The late Kamal Hassan Ali, Egypt's
last "war minister," was not afraid to say with surprising sincerity that he admired Ariel Sharon.
"It's the enemy," he told me on a certain occasion, "that we learn to respect, suspect and deal with."
Field Marshal Ali further told me that Egypt's military academies dedicate a special chapter to the constitutive event of the Yom Kippur War,
to reenact how Sharon with the "seam line breach" torpedoed Egypt's great victory fraud.
"Courage, force and unrestrained cunning is what we instill in our soldiers on behalf of Sharon," revealed the man who fought against him three times. Hosni Mubarak,
on the other hand, who owes Sharon his promotion to the position of vice president following that war, held a grudge against him over the years and was overly suspicious towards him, but trained himself to show respect to Sharon the enemy.
The Jordanian royal court had a bitter score to settle with Sharon too, until he corrected himself with a public statement that "Jordan
is not Palestine," and insisted on proving to King Hussein that he was not plotting to banish the Palestinians from the West Bank and the Strip over to him.
In one of their private conversations, Sharon pulled out a sheet of paper and, in front of the surprised king, sketched the upper bridge he had planned in his mind's eye to connect between the West Bank and the Strip, "without them drawing closer to us, in Israel,
and without them succeeding to infiltrate your territory."
Hussein immediately updated Cairo, and to those monitoring the situation from the side it was clear that as far as the Jordanian and Egyptian rulers were concerned, this was a sophisticated "scheme" created in Sycamore Ranch which they must prepare for.
By the way, Sharon's strong opinion about Arafat
was not far from the negative accounts going around the palaces of Amman, Cairo and Damascus and in Beirut.
The news about Sharon's death
spread quickly across the Arab world on Saturday. Although he has not been with us for the past eight years, there is no need to introduce him to the young generation of the square protests. When you say Sharon, you say you won't count till 10 before using power on the Israeli side if the other side tries to outsmart you. And yet, it was clear that they would rehash the issue of the Sabra and Shatila massacre in Lebanon, mention the tail wind he gave the settlers and won’t leave out the visit to the Temple Mount and the second intifada.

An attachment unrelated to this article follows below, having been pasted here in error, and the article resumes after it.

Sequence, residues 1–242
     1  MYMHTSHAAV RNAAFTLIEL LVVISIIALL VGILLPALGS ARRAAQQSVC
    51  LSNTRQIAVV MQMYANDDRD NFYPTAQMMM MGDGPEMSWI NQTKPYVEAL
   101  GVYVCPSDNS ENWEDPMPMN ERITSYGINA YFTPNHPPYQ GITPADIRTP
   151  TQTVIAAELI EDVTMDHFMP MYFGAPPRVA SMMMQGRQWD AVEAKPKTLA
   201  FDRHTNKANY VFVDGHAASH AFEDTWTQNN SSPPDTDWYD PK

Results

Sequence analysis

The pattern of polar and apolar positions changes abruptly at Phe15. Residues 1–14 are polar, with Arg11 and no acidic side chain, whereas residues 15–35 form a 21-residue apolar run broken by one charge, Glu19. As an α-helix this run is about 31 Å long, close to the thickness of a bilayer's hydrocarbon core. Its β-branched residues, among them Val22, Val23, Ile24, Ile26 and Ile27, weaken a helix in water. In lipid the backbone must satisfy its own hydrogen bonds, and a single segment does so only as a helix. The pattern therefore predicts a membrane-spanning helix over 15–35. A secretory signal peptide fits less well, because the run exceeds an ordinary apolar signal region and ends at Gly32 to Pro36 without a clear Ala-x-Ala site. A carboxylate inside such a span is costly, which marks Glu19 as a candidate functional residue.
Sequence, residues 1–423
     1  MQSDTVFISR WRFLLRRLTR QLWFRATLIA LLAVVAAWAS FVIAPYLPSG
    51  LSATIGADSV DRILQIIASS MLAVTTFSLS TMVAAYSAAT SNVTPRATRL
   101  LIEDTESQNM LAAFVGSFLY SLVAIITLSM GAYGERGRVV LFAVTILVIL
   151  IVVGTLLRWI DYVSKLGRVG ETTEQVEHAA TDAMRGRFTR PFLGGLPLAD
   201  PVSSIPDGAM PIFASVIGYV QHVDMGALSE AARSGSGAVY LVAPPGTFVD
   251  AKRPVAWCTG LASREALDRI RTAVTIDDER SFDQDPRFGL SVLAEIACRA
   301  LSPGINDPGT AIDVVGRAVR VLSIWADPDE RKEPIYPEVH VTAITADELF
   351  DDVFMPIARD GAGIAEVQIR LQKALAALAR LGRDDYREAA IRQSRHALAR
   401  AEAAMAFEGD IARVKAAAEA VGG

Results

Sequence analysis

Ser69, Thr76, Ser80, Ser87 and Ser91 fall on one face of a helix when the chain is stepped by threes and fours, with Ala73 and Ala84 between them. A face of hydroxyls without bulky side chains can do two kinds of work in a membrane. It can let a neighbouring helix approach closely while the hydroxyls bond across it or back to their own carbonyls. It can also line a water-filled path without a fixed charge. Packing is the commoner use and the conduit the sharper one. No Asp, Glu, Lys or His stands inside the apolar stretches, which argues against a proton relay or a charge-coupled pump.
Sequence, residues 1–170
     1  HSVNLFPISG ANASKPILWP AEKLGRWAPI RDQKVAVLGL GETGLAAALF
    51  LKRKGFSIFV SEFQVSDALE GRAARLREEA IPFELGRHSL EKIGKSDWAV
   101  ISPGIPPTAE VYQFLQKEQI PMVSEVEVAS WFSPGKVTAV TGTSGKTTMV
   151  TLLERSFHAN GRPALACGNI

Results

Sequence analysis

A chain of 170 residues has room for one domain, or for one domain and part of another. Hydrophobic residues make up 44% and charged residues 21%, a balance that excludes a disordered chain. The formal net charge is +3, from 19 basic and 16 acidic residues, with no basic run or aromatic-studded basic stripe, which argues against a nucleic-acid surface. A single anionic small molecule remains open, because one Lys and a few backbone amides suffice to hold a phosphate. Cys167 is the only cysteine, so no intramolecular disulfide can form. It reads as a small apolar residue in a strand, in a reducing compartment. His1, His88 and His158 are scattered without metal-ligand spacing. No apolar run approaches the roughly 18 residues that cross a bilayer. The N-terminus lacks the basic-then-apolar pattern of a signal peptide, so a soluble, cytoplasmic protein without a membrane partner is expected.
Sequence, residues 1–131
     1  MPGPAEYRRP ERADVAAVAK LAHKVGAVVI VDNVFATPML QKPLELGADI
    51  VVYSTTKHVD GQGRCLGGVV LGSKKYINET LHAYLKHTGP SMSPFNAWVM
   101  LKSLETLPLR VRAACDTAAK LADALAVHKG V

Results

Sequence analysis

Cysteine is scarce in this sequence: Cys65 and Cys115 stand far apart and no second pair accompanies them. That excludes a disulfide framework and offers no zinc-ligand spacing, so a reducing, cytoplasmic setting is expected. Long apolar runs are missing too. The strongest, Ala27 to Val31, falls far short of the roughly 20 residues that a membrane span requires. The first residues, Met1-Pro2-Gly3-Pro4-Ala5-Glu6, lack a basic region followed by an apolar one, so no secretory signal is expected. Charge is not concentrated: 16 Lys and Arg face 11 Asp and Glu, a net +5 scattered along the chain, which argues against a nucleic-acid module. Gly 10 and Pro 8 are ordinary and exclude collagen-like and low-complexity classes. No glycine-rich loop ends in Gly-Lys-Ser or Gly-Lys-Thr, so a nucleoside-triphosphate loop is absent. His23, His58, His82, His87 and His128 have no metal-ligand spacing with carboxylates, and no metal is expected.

The decision makers' palaces on the Arab side made sure over the years to cautiously examine every statement made by Sharon. A senior Egyptian intelligence official received a special mandate to arrange for himself a direct connection to Sharon, to his advisors and to members of the "forum of the ranch." At a certain occasion, when his leader was furious at Sharon over the Palestinian issue, they made sure to publish a cartoon of Sharon nibbling on Palestinian corpses, "and as far as we’re concerned, your ambassador can explode with anger and file as many protests as he wants."
Sharon, on his part, had a solid, devious outlook about the neighbors. I remember how he enjoyed speaking about the order to keep the president's secretary in Cairo on the line for many minutes, how he abused the Egyptian intelligence chief with a minor hot dog as a refreshment at Sycamore Ranch, how a secret visit of the Jordanian king was intentionally leaked.
On Saturday, a minister in an Arab government, which does not sustain open relations with us, dwelled upon three things he would remember as Sharon's legacy: How he swore to never abandon civilians and IDF soldiers "with the enemy," how he made it clear that "we only rely on ourselves" and how he brought about the disengagement
from Gaza. He also surprised, he also caused pain, the Arab minister concluded, and he also failed to complete it.